(CNN) -- Russia's top diplomat Sunday accused the United States of "blackmailing" Moscow into backing tough ground rules for Syria's chemical disarmament that would include the threat of force if Syria balks.
Syria has agreed to give up its arsenal of chemical weapons under international pressure and delivered an inventory of its poison gas stocks to the Organization for the Prohibition of Chemical Weapons over the weekend. But U.N. Security Council members are still trying to hammer out a resolution to outline the process, with Russia and Western powers at odds over the language.
In a Sunday interview on Russian television, Lavrov said Washington was threatening to sink the deal unless the resolution was drawn up under Chapter VII of the U.N. charter, which would authorize the use of force against Syria if it doesn't comply. As Syria's leading ally, Russia has opposed threats of military action.
"The U.S. partners are blackmailing us," Lavrov told the state-owned Channel One network. "They say they will quit the work at the OPCW in The Hague if Russia does not back the resolution based on Chapter VII at the U.N. Security Council."
Lavrov said the Americans "are interested in proving their superiority, and this is absolutely not the objective that drives us -- to solve the problem of chemical weapons in Syria."
Speaking on condition of anonymity, a senior U.S. State Department official responded that Washington isn't focused on words, "but actions."
"What our team at the U.N. is focused on right now is working through the details of a U.N. Security Council resolution with the strongest possible enforcement mechanism," the official said. "We're not going to litigate the details of a potential resolution in public."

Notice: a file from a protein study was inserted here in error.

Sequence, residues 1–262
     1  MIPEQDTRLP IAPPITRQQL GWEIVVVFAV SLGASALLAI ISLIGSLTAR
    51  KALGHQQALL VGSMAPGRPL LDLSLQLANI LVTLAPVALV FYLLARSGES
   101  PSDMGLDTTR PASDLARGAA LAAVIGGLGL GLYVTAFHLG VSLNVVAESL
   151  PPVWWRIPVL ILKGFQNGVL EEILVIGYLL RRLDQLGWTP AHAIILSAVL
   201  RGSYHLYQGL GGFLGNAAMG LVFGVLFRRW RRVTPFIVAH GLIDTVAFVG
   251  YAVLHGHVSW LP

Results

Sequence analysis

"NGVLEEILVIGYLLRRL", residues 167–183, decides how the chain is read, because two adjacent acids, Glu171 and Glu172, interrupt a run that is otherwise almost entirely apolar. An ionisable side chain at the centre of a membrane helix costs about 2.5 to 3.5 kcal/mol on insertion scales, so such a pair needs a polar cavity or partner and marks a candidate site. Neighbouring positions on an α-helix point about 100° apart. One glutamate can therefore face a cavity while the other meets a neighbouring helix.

Syria is 2 1/2 years into a civil war that has already left more than 100,000 dead, according to the United Nations. The United States and several of its allies, particularly France, began calling for military action against Syrian government forces after an August 21 attack outside Damascus that they said involved the use of chemical weapons against civilians.
U.N. weapons inspectors reported Monday that the nerve agent sarin had been used in the attack. Though the inspectors did not assign blame, Washington said details of the report pointed toward troops loyal to Syrian President Bashar al-Assad as the perpetrators.
Syria's government denies unleashing chemical weapons, and Russia said Syrian rebel forces may have been behind the August 21 attack.
Lavrov and his U.S. counterpart, Secretary of State John Kerry, laid out a framework for Syria's disarmament on September 14. Kerry and Lavrov spoke again Sunday to reiterate "the importance of working together on implementation of their agreement in Geneva," the senior State Department official said.
The plan calls for Syria to submit a comprehensive declaration of its chemical arms within one week. The OPCW said Saturday it had received the list from Syria. The plan then calls for international inspectors in position to secure that arsenal no later than November. Veteran weapons inspectors have said securing and destroying the Syrian stockpile could take huge numbers of people, including hundreds of inspectors and thousands of troops to provide security.
But Lavrov said Sunday that he didn't see the need for a large contingent of troops to back up the inspectors, and said Moscow was ready to stand guard "along the perimeter of areas where the experts will be working."
"We are ready to assign our servicemen and military police on this mission," he said. "I do not think there is a need for deployment of large contingents. I believe that military observers would be enough."
In Syria, meanwhile, a Russian Embassy official said two people were hurt when a mortar shell struck the Russian mission in Damascus, the state news agency RIA Novosti reported. RIA Novosti quoted the unnamed official as saying the strike was "apparently an accident."
CNN's Hamdi Alkhshali and Emma Lacey-Bordeaux contributed to this report.